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his is it, the piece of engineering that inspired all the tanks and especially that allowed the evolution of armored warfare in late 1918. By the middle of the Great War (World War 1), the French have acknowledged that they were fighting a losing battle because they were just simply giving up to many lives to push the Germans back to their fatherland. If they were to keep at the same rate as 1915 and 1916 they would run out of men before the world would end despite the help of British troops.

French engineers saw the need for a new type of weapon that would offer protection from firearms (at least of low caliber) and more importantly which would allow the soldiers to push from trench to trench within no man’s land with more protection. The idea was to lower casualties and create some sort of weapon that can push through with ease the harsh, bombarded, and heavily defended front of the German army.

The technology required to create such a piece of mechanical engineering was there so they started by blueprinting a car and inspiring themself to improve the design into a tank. This sort of concept became a personal project of Louis Renault, the actual creator of Renault cars. The main problem was the weight-to-ratio proportion in order to offer the tank enough armor but at the same time maintain high mobility and quick agility so it won’t be taken so easily out by bombers or artillery.

Even if Renault was not an expert in tracked vehicles he has taken up the opportunity of producing the first tank as a challenge. It was not very difficult to build a tracked vehicle but, designing a tracked vehicle that is supposed to endure projectiles and land mines was a whole different concept. The way in which the design went was the focusing power weight ratio so it would be good enough for the tank to have the ability to run over obstacles on the battlefield, to not get stuck in muddy terrain, and to run over trenches.

Renault FT-17 Tank Internal Layout (Source: Rare Historical Photos)

The fully rotating turret was not a new concept as it has been used on french armored cars right at the start of the Great War and produced in 1905. An 8mm Hotchkiss machine gun would be used as the main armament however, the 1918 variant would come with a 38mm Puteaux SA cannon. The armor was planned to be from 22 to 8-millimeter thickness spread out thicker to the weaker and more vital points of the tank whilst maintaining a good weight-to-power ration. Renault wanted to use an engine already produced that was producing 18 horsepower but, after the first prototype, he would see that this would not be sufficient for a total weight of 6.4 tonnes.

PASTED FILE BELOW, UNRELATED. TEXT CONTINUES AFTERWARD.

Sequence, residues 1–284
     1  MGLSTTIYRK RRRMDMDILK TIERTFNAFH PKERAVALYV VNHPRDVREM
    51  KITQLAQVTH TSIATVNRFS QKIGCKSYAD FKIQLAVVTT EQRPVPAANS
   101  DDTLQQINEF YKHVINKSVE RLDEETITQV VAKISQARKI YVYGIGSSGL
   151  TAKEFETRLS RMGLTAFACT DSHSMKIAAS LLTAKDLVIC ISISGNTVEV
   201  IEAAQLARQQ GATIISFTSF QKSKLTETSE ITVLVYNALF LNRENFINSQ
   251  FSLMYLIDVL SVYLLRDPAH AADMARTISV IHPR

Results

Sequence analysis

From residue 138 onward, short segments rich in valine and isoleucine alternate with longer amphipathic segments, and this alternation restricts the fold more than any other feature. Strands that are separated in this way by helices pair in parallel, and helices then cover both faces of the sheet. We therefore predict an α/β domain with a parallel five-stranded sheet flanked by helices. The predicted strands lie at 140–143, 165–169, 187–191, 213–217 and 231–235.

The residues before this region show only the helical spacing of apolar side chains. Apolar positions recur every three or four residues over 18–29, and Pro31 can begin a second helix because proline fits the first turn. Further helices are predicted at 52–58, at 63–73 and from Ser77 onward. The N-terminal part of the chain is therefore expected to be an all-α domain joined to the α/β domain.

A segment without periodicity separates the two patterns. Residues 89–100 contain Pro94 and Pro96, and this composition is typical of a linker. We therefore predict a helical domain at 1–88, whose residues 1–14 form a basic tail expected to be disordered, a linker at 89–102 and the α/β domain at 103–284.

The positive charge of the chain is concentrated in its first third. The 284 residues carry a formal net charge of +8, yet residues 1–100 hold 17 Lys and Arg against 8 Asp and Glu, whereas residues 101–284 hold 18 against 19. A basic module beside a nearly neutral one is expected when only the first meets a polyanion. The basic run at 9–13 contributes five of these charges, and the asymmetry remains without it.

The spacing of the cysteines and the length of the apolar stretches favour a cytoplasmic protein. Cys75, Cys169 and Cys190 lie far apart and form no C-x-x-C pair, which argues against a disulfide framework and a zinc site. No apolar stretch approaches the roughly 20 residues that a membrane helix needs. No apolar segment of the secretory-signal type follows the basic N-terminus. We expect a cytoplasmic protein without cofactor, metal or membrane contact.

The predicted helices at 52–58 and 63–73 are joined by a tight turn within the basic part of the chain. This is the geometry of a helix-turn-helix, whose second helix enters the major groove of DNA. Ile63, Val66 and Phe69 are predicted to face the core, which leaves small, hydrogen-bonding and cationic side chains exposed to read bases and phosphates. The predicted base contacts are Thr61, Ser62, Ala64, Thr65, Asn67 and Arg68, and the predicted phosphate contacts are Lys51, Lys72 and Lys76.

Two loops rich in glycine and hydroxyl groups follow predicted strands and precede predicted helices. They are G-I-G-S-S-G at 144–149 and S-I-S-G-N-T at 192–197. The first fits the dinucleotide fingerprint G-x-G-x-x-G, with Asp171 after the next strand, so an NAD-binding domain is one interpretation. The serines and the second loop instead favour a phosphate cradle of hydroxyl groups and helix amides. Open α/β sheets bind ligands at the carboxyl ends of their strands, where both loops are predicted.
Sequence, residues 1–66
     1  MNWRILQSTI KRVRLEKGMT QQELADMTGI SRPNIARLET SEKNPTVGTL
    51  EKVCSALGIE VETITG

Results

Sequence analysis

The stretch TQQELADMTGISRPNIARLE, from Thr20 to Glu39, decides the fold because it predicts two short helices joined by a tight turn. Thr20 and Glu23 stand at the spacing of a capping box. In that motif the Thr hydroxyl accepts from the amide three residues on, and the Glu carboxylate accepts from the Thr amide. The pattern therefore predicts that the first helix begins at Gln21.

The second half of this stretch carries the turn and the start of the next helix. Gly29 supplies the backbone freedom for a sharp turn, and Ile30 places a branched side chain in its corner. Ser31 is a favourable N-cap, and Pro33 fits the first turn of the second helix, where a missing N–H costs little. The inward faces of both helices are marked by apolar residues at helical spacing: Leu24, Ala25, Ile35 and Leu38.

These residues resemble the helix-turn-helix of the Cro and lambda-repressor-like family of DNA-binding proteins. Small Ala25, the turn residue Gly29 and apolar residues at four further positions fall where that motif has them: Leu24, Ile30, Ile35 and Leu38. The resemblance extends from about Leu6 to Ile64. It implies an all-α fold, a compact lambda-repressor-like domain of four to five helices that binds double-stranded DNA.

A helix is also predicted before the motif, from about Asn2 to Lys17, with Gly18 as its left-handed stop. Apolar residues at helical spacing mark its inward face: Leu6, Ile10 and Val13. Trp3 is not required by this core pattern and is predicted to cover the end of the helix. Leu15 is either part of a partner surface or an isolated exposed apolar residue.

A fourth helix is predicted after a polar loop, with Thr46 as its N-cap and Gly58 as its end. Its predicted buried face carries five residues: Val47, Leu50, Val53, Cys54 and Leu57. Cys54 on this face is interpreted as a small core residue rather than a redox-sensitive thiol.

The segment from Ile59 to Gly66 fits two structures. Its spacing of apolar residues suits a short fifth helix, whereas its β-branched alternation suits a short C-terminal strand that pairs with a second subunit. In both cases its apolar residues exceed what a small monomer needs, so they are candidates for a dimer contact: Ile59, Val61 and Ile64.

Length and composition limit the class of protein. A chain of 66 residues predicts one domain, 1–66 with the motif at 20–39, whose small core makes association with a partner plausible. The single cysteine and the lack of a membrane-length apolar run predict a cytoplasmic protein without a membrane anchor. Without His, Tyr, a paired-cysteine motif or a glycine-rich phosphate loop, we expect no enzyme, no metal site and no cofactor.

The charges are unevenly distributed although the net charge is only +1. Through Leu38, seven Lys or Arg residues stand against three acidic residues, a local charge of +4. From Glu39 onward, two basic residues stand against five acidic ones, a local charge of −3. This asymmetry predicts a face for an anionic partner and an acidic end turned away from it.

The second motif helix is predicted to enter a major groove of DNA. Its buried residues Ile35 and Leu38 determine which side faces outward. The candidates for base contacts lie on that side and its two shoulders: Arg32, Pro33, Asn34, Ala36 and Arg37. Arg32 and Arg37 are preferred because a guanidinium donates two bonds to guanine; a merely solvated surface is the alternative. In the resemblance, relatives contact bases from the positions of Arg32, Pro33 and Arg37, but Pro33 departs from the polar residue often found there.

Therefore Renault chose to design a brand new engine that would serve a specific service to be used in the production of the FT tank. A 4-cylinder 4.5-liter thermosiphon water-cooled engine produces 39 horsepower. This would bring the weight-to-power ration to a nice 6hp per ton (excluding the weight of the crew). The crew would have been made of only two people, the main reason was the lack of french soldiers by 1917 also using only 2 men as crew meant that they could disperse more armored vehicles at the same time.

British troops being escorted by the first line of Renault FT tanks in 1917 (Source: Rare Historical Photos)

After 3 prototypes the commission accepted the design, and the first batch was ordered in December 1916 to be delivered to the front by late February 1917. The production of the first batch was quite slow until they industrialized the process. By the end of September 1917, 85 tanks were delivered to the front, and another 2690 by the end of November 1918.

Many historians do agree upon the fact that it was the integration of this tank that actually helped the French to win the war as without them the fight would have been lost before the summer of 1918. Even if the tank did come quite late into the war it was the first armored vehicle to hit the front, what is more, interesting is that after the production of the FT, all other major nations have inspired by the design of the FT tank to produce their own tanks.

We need to thank this great piece of military engineering as without it the course of history might have been different.

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